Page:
The Magnificent Lamm Amp
Posted Mon Apr 7, 2008, 1:42 PM ET — By John
The are small amps, there are large amps, there are stereo amps,
there are mono amps, and then there are Vladimir Lamm's ML3
Signature two-chassis monoblocks, demmed at FSI with Verity
Lohengrin speakers, a Lamm L2 Reference preamplifier, LP2 phono
preamp, NeoDio CD transport and DAC, and Kubala-Sosna cables, and
Critical Mass Systems racks.
The ML3 Signature runs a single Russian GM70 directly heated
output tube (introduced in 1948, the year I was born) with 1200V on
the plate to give 32 watts into 8 ohms. The GM70 is driven by four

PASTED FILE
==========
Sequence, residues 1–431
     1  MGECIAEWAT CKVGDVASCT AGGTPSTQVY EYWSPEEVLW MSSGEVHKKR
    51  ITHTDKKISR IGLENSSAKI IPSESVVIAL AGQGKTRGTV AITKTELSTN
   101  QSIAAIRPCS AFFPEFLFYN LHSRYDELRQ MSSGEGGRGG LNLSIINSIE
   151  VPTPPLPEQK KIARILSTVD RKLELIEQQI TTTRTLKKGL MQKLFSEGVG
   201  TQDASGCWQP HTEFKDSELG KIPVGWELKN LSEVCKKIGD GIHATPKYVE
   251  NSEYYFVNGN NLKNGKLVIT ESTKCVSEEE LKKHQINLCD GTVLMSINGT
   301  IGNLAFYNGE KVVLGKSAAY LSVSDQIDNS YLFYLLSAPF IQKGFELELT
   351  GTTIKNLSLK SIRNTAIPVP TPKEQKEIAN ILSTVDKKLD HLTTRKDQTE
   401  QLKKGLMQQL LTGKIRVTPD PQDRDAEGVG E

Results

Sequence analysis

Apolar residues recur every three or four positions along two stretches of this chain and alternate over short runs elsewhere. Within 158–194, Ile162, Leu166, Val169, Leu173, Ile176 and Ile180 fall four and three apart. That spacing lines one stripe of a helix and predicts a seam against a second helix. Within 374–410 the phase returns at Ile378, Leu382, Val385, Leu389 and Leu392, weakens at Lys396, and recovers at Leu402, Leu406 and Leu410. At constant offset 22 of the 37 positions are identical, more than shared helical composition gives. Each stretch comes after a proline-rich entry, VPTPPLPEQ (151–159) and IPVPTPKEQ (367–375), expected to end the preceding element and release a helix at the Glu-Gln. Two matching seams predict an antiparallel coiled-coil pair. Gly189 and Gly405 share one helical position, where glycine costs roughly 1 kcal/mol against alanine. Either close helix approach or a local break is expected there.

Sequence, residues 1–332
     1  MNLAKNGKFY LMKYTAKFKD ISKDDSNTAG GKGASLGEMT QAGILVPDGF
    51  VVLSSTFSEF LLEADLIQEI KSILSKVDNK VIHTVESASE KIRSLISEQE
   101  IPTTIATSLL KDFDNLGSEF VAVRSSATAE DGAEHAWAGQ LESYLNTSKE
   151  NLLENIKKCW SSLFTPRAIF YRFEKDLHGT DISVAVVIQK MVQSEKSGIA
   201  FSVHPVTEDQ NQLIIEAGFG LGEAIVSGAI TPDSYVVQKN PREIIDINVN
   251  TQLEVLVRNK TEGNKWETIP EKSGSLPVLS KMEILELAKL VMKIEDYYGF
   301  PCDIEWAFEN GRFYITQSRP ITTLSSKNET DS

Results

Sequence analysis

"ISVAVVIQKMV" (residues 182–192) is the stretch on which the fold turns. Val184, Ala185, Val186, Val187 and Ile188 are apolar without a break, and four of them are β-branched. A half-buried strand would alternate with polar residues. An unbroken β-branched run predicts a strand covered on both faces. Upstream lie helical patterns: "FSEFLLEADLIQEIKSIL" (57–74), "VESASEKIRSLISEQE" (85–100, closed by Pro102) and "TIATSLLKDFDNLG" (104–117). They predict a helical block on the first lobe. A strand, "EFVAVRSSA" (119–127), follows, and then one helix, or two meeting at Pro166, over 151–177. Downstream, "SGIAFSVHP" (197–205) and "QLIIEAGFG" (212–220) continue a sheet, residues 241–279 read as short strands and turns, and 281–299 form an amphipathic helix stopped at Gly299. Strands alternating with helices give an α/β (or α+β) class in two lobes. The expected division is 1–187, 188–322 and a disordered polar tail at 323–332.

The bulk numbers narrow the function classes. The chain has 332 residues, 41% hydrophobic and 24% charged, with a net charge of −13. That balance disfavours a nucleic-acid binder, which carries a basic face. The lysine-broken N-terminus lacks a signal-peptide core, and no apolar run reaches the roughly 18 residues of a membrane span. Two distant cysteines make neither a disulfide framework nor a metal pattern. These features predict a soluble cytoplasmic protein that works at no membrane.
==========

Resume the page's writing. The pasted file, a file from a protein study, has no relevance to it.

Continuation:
paralleled 6N30P "Super Tubes," with a single 12AX7 as the
input stage. The choke-smoothed power supply in a separate chassis
uses four 12AX3 diode tubes as a bridge rectifier to derive the
high-voltage rail for the output tube, with another two 12AX3 tubes
supplying DC to the front-end tubes.
Listening to Louis Armstrong singing "Blues in the
Night" from LP, I auditioned the amps with no negative feedback
and just 1.2dB of negative feedback. You wouldn't have thought it
would make a difference, but darned if switching in even this
minimal amount of feedback—which, in theory, should make the
amplifier perform better—didn't diminish the enormous sense of
space on the recording.
Oh, the price? Each pair of ML3
Signatures costs $139,290 and takes two weeks to manufacture.